Snowy owls at Chatham Light

A dozen bird watchers showed up at Chatham Lighthouse to view snowy owls down on the beach
Bird watchers from New York showed up at the Chatham Lighthouse to see a snowy owl. Photo by Pat Brooks.

Did they arrive here with the polar vortex?

The local bird watcher excitement over our invasion of snowy owls of late, has brought a group from the Bedford NY Audubon Society to the Cape in search of these large and beautiful birds.

This morning up to a dozen of them showed up at Chatham Lighthouse to view snowy owls down on the beach. The males are very white while females have brown scalloping as the drawing by John Audubon on the right shows.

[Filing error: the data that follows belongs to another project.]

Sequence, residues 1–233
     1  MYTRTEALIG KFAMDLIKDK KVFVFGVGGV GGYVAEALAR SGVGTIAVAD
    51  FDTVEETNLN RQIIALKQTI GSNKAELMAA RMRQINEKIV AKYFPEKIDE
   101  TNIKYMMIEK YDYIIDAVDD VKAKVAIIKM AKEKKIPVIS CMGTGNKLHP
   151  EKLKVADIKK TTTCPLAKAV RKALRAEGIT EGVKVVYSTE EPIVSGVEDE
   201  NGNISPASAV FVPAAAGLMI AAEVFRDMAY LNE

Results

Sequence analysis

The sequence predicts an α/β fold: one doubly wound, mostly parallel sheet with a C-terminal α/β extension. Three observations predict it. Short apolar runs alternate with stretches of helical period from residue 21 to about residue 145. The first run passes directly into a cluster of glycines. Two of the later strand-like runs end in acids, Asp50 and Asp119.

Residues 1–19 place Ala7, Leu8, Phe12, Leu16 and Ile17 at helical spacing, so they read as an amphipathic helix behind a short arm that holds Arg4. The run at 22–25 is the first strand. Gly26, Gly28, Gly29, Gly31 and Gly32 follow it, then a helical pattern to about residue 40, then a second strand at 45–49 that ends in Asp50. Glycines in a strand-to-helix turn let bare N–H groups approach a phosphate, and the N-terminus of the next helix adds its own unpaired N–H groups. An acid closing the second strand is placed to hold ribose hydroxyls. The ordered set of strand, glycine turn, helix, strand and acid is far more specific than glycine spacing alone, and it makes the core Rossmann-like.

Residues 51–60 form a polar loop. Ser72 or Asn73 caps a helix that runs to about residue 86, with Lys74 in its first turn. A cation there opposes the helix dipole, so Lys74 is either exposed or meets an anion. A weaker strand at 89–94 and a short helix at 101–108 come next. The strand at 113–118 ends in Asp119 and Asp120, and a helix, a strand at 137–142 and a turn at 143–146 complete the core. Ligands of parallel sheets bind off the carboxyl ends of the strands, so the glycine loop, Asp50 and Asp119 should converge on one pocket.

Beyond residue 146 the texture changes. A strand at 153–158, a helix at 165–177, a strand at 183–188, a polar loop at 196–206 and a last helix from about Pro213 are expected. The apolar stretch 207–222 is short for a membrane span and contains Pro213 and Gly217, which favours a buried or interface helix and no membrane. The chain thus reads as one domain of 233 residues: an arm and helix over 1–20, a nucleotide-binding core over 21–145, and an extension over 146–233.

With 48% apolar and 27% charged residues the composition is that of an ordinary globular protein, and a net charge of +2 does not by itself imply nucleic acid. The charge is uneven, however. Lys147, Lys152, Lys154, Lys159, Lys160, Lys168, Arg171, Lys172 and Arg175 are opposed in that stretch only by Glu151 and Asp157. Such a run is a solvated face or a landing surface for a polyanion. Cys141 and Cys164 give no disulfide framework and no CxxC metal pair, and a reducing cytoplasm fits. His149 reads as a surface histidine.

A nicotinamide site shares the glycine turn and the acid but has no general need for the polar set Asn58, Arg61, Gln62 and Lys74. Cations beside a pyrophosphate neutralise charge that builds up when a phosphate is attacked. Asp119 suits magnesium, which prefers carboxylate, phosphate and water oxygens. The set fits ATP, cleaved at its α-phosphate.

Every four or five years, snowy owls head south of their natural habitat in the Arctic region. It is something called "irruption." They have been seen in increasing numbers here on Cape Cod, and there are reports of snowy owl sightings as far south as Florida.

This owl's snowy, white feathers make them much easier to spot than most other owls, and unlike the more common “night owl” species, snowy owls are awake during the daytime.

This yellow-eyed, black-beaked white bird is easily recognizable with its nearly 60 inch wingspan.

Some adults weigh over 6 pounds, and it is one of the largest species of owl in North America.

Some local bird watcher opine that the increased number of these visitors from the Arctic region flew down on the high winds of the recent polar vortex.

Below the Bedford NY bird watchers gaze down on the beach for a look at our latest snowy owl visitor.

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